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WTI Trades Near 17-Month Low as Stockpile Gain Exceeds Forecast

West Texas Intermediate traded near the lowest price in 17 months and London’s Brent was at the weakest since June 2012 after crude stockpiles surged more than forecast in the U.S., the world’s largest oil consumer.

Futures were little changed in New York after the biggest loss since September. Crude inventoriesexpanded by 5 million barrels last week, the Energy Information Administration reported yesterday, exceeding a 2 million increase projected in a Bloomberg News survey. Brent is down more than 20 percent from its recent peak, meeting a common definition of a bear market, as global supplies rise amid signs of slowing demand.

“It’s supply, and it’s also a weakening in Europe and China,” said Jonathan Barratt, the chief investment officer at Ayers Alliance Securities in Sydney who predicts investors may sell West Texas contracts if prices climb to about $90 a barrel. “I think $85 is the absolute rock bottom.”

WTI for November delivery was at $87.56 a barrel in electronic trading on the New York Mercantile Exchange, up 25 cents, at 3:28 p.m. Sydney time. The contract slid $1.54 to $87.31 yesterday, the lowest close since April 2013. The volume of all futures traded was 56 percent above the 100-day average.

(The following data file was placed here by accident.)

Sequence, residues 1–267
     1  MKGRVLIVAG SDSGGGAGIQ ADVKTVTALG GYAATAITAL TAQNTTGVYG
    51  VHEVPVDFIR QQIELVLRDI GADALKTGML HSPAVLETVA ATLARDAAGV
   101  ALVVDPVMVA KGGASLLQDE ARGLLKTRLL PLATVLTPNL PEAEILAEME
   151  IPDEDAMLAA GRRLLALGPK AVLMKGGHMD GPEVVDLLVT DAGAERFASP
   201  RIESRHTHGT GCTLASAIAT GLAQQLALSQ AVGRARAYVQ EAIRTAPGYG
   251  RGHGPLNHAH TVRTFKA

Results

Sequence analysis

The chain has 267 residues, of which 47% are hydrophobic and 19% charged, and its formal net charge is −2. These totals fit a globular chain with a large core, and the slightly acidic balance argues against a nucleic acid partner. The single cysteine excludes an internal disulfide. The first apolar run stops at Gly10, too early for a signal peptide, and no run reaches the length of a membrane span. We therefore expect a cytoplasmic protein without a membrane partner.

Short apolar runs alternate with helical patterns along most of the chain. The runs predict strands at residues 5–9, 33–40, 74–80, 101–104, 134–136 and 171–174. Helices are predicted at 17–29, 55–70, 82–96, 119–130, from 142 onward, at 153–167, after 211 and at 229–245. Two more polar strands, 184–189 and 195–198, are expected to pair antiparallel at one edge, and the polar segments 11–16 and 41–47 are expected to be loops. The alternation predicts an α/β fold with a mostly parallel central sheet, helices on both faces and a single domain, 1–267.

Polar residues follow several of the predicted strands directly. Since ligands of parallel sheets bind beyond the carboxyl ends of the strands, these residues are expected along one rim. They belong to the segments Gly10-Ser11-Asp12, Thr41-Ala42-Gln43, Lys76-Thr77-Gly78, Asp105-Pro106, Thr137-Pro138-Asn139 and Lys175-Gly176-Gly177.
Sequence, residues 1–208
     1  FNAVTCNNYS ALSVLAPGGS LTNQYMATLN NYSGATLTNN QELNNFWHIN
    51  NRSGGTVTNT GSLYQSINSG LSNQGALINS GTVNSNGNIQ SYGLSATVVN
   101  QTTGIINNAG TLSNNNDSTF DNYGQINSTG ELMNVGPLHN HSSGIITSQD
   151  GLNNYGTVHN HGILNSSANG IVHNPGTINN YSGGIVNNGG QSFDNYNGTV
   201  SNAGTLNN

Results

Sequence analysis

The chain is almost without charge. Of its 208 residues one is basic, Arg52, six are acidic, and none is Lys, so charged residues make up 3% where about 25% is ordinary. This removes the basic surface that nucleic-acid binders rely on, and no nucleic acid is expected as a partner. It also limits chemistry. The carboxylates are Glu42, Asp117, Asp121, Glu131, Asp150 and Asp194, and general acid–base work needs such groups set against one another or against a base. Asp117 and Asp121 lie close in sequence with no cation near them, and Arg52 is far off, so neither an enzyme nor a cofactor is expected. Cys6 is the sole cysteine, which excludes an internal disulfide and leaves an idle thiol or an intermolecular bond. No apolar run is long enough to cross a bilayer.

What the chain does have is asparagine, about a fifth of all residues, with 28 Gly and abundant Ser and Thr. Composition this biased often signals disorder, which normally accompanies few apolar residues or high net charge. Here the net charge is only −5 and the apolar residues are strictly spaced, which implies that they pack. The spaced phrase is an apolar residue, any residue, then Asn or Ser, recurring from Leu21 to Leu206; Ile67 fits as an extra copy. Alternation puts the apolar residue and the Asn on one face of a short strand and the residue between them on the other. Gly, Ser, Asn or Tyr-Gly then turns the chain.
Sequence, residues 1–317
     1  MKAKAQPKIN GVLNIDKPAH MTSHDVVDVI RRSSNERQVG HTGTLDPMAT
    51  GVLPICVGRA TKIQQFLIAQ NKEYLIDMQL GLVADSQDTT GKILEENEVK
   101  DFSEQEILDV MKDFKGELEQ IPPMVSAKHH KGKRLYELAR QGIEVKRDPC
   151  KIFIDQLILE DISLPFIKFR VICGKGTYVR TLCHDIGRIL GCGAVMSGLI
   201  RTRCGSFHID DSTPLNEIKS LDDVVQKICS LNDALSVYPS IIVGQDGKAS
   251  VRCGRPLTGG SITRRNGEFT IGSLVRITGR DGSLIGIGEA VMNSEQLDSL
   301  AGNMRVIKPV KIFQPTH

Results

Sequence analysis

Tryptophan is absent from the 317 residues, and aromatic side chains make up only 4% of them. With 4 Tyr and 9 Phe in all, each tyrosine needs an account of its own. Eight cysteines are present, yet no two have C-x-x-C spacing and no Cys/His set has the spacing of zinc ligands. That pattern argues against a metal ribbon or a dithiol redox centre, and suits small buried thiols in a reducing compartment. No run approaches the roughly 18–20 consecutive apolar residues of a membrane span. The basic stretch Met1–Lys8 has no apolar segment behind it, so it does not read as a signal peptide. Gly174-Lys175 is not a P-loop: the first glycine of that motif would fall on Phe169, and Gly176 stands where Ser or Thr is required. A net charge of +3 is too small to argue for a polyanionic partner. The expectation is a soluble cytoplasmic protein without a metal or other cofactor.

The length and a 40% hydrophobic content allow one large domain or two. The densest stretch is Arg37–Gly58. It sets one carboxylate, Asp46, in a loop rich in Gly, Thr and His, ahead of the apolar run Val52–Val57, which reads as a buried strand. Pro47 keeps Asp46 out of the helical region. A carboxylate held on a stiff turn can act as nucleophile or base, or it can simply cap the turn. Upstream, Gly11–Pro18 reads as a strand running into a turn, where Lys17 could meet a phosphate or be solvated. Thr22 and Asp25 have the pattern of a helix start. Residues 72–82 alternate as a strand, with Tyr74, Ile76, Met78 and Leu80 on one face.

Brent for November settlement was 21 cents higher at $91.59 a barrel on the London-based ICE Futures Europe exchange. The European benchmark crude traded at a premium of $3.95 to WTI. The spread closed at $4.07 yesterday, the widest in two weeks.

Global Supplies

WTI has declined 11 percent this year amid accelerating output from producers including the U.S. andRussia. The Organization of Petroleum Exporting Countries, which supplies about 40 percent of the world’s crude, pumped 30.935 million barrels a day in September, a Bloomberg survey of producers and analysts show. That’s the highest level in 13 months.

U.S. production increased to 8.88 million barrels a day in the week ended Oct. 3, the most since March 1986, according to the EIA, the Energy Department’s statistical arm. Crude inventories expanded to 361.7 million, compared with a five-year average of 355 million.

Gasoline stockpiles rose by 1.18 million barrels to 209.7 million last week, the EIA said. Distillates, including heating oil and diesel, climbed by 439,000 barrels to 126.1 million.

The world’s economy will grow by 3.8 percent in 2015, the International Monetary Fund said on Oct. 7., compared with a July forecast of 4 percent. Global oil consumption will gain 1.3 percent to 93.8 million barrels a day next year, the International Energy Agency said on Sept. 11, reducing its estimate by 165,000 a day.

WTI’s 14-day relative strength index is at about 33, compared with 32.1 yesterday, the lowest level since Aug. 25, data compiled by Bloomberg show. Investors typically buy futures when the RSI drops to less than 30, which signals that the market is oversold. Brent’s reading is below that threshold for an eighth day.

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